Saturday, 7 February 2015

Abandoned Old Monuments From The Soviet Era

 Abandoned old monuments from the Soviet Era, (In post Soviet Countries) that look like they're from the Future.
'Here is a selection of some great photos of modernist abstract memorials to partisans in the former Yugoslavia, Lithuania, Georgia, Armenia and Ukraine.
These structures were commissioned by former Yugoslavian president Josip Broz Tito in the 1960s and 70s to commemorate sites where WWII battles took place or where concentration camps stood. They were designed by different sculptors  and architects; Bogdan Bogdanović, Gradimir Medaković , conveying powerful visual impact to show the confidence and strength of the Socialist Republic. In the 1980s, these monuments attracted millions of visitors per year, especially young pioneers for their "patriotic education." After the Republic dissolved in early 1990s, they were completely abandoned, and their symbolic meanings were forever lost.
(Makedonium monument in Krusevo)

"Those monuments have an abstract, often monumental, but always unusual and peculiar formal vocabulary in common. They are located in the centre of Yugoslavian modernism, because they mark its starting point and they announce the modern outlook. In doing so, they still proclaim a future, which already has become past. They are expressions of this future and they refuse to stop epitomising its coming. They keep calling: Ahead! Spectres still inhabit the monuments, but their context, their audience has been lost... They open the scene for numerous associations; they could be ambassadors from far-away stars, or from a different, unrealised present."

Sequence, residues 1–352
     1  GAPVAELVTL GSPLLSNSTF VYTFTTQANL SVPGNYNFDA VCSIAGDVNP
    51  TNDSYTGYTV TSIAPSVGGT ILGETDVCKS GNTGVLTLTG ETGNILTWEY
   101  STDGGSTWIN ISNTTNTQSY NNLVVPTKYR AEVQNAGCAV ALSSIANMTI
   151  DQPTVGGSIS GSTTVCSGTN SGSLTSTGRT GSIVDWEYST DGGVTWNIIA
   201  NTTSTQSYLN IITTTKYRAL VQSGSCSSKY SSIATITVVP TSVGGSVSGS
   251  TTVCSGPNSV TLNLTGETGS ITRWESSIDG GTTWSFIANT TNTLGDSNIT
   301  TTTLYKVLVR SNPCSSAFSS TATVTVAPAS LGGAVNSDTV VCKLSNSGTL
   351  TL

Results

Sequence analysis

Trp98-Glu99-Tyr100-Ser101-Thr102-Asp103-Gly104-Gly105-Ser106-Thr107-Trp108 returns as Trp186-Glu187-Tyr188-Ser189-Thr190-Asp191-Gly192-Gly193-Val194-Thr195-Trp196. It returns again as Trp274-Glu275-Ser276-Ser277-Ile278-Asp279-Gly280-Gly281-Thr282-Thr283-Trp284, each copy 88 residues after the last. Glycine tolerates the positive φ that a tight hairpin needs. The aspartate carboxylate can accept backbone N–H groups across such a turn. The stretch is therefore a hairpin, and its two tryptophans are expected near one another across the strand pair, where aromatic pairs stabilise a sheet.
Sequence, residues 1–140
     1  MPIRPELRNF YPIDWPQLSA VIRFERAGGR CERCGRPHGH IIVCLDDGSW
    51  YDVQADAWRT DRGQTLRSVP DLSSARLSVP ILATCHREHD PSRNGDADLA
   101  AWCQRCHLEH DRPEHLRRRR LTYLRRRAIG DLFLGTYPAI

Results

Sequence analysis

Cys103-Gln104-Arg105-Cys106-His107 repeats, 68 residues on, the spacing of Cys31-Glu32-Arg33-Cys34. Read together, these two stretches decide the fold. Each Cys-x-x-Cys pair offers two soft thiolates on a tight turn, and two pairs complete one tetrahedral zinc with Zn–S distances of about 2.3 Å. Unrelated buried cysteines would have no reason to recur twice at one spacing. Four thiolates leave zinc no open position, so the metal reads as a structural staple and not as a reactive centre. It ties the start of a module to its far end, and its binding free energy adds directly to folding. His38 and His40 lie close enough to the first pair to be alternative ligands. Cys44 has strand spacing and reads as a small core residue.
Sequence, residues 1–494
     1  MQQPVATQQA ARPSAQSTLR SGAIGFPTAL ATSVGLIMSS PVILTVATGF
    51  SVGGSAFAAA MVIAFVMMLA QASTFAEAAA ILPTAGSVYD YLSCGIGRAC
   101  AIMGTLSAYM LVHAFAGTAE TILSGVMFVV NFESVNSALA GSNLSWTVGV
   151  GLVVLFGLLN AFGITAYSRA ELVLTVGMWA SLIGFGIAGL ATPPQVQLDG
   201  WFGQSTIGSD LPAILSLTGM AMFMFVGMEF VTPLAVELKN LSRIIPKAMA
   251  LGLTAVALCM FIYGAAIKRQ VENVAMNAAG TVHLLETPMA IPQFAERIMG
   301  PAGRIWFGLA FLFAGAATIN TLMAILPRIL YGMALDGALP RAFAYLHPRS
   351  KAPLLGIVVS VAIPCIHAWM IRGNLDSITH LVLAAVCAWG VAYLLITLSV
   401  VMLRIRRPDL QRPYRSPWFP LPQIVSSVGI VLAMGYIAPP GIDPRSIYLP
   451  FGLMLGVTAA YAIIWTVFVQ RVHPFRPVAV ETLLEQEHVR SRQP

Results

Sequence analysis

--Robert Burghardt

(Partisan Memorials in Former Yugoslavia)

(A 32m, Holocaust memorial , Lithuania, 1983)

Ministry of Transportation's building. Suprematism in The Soviet architecture. Tbilisi/Georgia.

Ministry of Transportation's building, Tbilisi, Georgia (1974).

The Palace of ceremonial rites, Tbilisi, Georgia. From the Soviet modernism erected in 1985. 

Tbilisi, 1985

Structure in Tbilisi,  from Georgian Soviet-era architecture since 2004 has demolished.

( I'm not sure where came from this building.)

Youth place, from Soviet Modernism, Armenia (1977)  

Druzhba Holiday Center. Ukraine
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